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Taking movies beyond Avatar – for under £100
08 November 2010
Abertay Dundee, University of
A new development in virtual cameras at the University of Abertay Dundee is developing the pioneering work of James Cameron’s blockbuster Avatar using a Nintendo Wii-like motion controller – all for less than £100.
Avatar, the highest-grossing film of all time, used several completely new filming techniques to bring to life its ultra-realistic 3D action. Now computer games researchers have found a way of taking those techniques further using home computers and motion controllers.
James Cameron invented a new way of filming called Simul-cam, where the image recorded is processed in real-time before it reaches the director’s monitor screen. This allows actors in motion-capture suits to be instantly seen as the blue Na’vi characters, without days spent creating computer-generated images.
The Abertay researchers, led by computer games technology lecturer Matt Bett, have linked the power of a virtual camera – where a computer dramatically enhances what a film camera could achieve – using a motion-sensor. This allows completely intuitive, immediately responsive camera actions within any computer-generated world.
The system will be on display through the NEoN conference, a key part of this year’s digital arts festival at the University of Abertay Dundee.
Matt said: “Avatar is a fantastic film in terms of its technical achievements. To push the boundaries of filmmaking required the creation of brand new techniques, which is staggering. What the Simul-cam technology allows is a kind of augmented reality, where the computer-generated world can be seen immediately.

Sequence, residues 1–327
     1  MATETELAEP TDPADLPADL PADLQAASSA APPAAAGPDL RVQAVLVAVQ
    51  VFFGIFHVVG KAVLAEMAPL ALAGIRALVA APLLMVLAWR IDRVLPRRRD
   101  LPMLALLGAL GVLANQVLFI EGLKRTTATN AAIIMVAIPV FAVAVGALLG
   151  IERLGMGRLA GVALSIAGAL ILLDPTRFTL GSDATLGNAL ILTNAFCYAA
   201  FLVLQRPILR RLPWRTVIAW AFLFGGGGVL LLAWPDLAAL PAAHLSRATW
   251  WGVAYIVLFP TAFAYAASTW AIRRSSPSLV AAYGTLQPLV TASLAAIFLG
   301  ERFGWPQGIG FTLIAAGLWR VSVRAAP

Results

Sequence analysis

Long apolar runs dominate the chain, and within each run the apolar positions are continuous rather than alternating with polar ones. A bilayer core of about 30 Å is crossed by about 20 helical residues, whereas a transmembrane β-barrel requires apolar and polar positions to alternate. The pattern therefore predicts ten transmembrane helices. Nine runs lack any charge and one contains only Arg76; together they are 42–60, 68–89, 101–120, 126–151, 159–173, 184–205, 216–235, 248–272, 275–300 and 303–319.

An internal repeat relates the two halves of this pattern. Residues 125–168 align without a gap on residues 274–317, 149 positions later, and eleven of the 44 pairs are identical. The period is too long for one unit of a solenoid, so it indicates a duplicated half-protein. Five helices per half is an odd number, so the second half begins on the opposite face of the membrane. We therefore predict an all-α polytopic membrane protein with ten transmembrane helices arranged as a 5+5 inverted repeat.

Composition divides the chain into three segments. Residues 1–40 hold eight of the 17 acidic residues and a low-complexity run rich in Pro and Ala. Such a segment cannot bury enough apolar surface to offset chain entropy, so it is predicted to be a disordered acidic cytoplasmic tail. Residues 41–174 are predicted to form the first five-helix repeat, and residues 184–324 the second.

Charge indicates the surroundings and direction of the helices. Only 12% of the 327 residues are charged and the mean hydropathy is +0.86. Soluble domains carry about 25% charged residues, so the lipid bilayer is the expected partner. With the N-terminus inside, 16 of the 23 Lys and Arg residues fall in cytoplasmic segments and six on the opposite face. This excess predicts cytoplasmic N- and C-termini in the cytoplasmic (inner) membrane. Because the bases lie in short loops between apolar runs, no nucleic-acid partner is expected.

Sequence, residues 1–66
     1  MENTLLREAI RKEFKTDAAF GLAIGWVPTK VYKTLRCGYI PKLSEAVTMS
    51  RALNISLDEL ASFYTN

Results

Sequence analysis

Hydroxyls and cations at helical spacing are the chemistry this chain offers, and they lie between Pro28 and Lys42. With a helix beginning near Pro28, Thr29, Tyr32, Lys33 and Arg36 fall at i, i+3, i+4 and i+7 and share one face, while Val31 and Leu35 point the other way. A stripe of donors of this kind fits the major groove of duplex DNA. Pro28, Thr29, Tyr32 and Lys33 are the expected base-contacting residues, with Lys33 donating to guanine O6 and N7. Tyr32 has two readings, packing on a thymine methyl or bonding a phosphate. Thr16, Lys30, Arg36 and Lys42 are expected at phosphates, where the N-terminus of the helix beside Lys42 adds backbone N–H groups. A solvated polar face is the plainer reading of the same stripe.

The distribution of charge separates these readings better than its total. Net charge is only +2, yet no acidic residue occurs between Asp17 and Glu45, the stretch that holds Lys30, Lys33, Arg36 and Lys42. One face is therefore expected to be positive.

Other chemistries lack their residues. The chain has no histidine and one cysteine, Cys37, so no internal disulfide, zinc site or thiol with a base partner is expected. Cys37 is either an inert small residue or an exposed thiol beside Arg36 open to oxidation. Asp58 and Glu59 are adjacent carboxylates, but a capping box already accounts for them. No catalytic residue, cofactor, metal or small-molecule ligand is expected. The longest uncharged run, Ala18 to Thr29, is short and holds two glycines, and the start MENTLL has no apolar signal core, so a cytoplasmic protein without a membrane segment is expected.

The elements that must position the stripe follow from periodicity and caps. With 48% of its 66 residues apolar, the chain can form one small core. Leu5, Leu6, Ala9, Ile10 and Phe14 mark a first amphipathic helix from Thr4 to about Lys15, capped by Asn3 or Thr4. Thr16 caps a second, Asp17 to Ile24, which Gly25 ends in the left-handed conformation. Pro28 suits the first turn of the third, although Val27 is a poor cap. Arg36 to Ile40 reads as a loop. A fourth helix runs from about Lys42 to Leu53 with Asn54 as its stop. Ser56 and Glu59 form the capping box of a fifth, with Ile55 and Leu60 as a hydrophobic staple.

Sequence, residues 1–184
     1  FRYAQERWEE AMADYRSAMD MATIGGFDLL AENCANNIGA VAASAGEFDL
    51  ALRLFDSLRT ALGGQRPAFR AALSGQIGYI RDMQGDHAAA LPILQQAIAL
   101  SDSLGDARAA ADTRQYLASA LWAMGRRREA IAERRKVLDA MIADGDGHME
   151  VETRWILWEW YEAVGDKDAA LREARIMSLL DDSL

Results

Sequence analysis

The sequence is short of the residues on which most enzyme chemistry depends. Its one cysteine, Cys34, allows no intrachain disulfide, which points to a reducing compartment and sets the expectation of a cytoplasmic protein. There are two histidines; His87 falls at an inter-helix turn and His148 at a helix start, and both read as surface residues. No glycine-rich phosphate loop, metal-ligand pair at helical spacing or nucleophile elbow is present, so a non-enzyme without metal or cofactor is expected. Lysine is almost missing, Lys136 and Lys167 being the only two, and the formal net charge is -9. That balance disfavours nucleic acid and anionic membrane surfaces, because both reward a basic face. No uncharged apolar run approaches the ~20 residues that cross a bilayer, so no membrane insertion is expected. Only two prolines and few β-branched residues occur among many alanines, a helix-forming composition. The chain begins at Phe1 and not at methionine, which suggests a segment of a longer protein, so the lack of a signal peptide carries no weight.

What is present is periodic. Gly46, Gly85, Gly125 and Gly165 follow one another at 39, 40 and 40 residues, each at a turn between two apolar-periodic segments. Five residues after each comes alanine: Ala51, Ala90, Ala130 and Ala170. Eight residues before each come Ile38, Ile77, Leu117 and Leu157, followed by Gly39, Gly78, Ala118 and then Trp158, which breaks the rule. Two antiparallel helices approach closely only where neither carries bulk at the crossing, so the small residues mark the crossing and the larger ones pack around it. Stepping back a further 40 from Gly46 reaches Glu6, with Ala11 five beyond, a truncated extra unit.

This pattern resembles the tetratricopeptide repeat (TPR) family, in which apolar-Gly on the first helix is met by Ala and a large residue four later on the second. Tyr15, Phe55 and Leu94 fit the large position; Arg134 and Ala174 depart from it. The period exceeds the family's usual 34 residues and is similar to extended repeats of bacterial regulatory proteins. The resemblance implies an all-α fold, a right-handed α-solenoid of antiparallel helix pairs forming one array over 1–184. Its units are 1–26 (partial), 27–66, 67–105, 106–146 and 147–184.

“What I wanted to do was turn this on its head, and bring this power to home computers. Using a new Sixense electromagnetic motion controller, we can now manipulate a virtual camera in any virtual environment – be it a film, an animation, a computer game, or a simulation tool for teaching.”
The applications of the project, dubbed Motus, are substantial. Complex films and animations could be produced at a very low cost, giving new creative tools to small studios or artists at home. Computer environments can be manipulated in the same way as a camera, opening new opportunities for games, and for education.
Project associate Erin Michno, an undergraduate Computer Games Technology student at Abertay University, added: “This tool could completely change the way people interact with computer games, and the way computer-aided learning is delivered to students around the world.
“Within games, watching and sharing replays of the action is hugely popular. What our development allows is replays to be edited exactly as if they were a film, zooming in, panning the camera, quickly and easily creating a whole movie based on your gaming. For online games enthusiasts, that would dramatically change what’s possible.
“In the classroom and lecture theatre, having this level of control for such a small price would allow some things which just aren’t possible – performing virtual operations live on screen, flying through the inside of an engine – in any school and any university.”
Motion controllers first became popular with the Nintendo Wii games console, and more recently with the launch of PlayStation Move. The Abertay researchers built their new system using the Sixense Truemotion Devkit, a more advanced version of these technologies which will be manufactured by Razer.
This tool uses electromagnetic sensors to capture the controller’s position to a precise single millimetre accuracy, and unlike other controllers still works even when an object is in the way. It will work on any home PC, and is expected to retail for under £100 from early 2011.
A patent application for the invention and unique applications of the technology has been recently filed in the UK.